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Adding patient-reported outcomes to a multisite registry to quantify quality of life and experiences of disease and treatment for youth with juvenile idiopathic arthritis.

  • Author(s): Weitzman, Elissa R
  • Wisk, Lauren E
  • Salimian, Parissa K
  • Magane, Kara M
  • Dedeoglu, Fatma
  • Hersh, Aimee O
  • Kimura, Yukiko
  • Mandl, Kenneth D
  • Ringold, Sarah
  • Natter, Marc
  • et al.
Abstract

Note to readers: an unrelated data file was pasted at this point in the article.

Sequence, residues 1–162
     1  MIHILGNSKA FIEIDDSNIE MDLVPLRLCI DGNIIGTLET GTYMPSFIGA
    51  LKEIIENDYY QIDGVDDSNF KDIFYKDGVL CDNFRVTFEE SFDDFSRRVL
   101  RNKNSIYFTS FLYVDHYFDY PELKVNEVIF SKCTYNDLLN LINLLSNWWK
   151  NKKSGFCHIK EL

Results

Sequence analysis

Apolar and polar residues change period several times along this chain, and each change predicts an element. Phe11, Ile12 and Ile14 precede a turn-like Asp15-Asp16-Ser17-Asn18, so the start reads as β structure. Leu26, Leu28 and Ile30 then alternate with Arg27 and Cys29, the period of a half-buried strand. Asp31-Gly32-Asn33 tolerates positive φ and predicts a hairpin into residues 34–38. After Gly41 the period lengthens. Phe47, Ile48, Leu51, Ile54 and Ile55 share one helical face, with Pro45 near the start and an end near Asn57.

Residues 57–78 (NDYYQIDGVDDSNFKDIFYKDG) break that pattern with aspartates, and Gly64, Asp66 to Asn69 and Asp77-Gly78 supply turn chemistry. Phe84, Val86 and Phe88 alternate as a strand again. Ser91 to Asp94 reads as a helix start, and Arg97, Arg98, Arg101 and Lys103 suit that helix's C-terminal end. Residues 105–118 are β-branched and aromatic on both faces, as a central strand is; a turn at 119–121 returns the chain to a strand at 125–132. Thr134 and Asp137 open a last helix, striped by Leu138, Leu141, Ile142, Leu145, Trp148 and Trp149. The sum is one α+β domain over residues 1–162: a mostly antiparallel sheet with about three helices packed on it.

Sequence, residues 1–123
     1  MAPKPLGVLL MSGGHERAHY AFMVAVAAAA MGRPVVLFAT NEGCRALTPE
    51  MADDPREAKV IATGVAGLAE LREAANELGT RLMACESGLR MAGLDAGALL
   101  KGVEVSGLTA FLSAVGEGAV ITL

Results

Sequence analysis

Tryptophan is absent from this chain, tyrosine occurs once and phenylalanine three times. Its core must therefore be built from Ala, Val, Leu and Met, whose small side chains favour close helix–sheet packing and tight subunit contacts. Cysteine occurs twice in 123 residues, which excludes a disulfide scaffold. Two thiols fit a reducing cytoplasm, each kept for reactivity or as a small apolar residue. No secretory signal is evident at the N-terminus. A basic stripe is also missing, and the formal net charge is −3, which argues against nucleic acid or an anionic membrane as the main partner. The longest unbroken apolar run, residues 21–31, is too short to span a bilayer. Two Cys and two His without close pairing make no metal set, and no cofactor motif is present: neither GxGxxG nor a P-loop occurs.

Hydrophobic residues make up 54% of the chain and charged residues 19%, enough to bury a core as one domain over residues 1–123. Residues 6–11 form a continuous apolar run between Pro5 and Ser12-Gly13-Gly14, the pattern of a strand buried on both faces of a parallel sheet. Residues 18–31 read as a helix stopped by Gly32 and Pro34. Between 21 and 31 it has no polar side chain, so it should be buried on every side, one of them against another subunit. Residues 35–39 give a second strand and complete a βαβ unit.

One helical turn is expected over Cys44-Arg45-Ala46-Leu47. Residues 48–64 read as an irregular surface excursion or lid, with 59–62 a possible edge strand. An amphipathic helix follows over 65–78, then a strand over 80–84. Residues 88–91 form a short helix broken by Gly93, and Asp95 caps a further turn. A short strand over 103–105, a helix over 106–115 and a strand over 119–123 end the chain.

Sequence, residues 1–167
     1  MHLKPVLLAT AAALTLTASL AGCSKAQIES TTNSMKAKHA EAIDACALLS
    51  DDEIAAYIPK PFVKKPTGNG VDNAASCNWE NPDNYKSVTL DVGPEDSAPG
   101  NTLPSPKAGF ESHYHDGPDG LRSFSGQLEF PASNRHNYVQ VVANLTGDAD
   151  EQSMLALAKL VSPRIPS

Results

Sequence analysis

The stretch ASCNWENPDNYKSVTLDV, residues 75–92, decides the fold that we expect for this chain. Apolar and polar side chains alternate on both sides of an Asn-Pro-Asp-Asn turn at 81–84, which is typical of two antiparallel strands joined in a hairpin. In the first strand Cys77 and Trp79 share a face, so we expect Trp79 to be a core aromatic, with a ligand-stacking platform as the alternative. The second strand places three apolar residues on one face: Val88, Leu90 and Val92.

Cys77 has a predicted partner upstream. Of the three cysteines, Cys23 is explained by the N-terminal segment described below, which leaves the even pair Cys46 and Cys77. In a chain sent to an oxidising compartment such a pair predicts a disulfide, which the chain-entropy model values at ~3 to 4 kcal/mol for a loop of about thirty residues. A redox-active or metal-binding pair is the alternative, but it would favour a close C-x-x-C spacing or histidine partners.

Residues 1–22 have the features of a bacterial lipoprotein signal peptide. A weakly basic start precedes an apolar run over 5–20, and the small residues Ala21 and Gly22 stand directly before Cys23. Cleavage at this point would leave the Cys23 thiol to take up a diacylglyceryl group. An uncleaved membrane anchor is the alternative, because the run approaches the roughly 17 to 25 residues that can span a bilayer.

Children with Juvenile Idiopathic Arthritis (JIA) often have poor health-related quality of life (HRQOL) despite advances in treatment. Patient-centered research may shed light on how patient experiences of treatment and disease contribute to HRQOL, pinpointing directions for improving care and enhancing outcomes.Parent proxies of youth enrolled in the Childhood Arthritis and Rheumatology Research Alliance (CARRA) Registry shared patient-reported outcomes about their child's HRQOL and experiences of disease and treatment burden (pain interference, morning stiffness, history of medication side effects and methotrexate intolerance). Contributions of these measures to HRQOL were estimated using generalized estimating equations accounting for site and patient demographics.Patients (N = 180) were 81.1% white non-Hispanic and 76.7% female. Mean age was 11.8 (SD = 3.6) years, mean disease duration was 7.7 years (SD = 3.5). Mean Total Pediatric Quality of Life was 76.7 (SD = 18.2). Mean pain interference score was 50.1 (SD = 11.1). Nearly one-in-five (17.8%) youth experienced >15 min of morning stiffness on a typical day, more than one quarter (26.7%) reported ≥1 serious medication side effect and among 90 methotrexate users, 42.2% met criteria for methotrexate intolerance. Measures of disease and treatment burden were independently negatively associated with HRQOL (all p-values <0.01). Negative associations among measures of treatment burden and HRQOL were attenuated after controlling for disease burden and clinical characteristics but remained significant.For youth with JIA, HRQOL is multidimensional, reflecting disease as well as treatment factors. Adverse treatment experiences undermine HRQOL even after accounting for disease symptoms and disease activity and should be assessed routinely to improve wellbeing.

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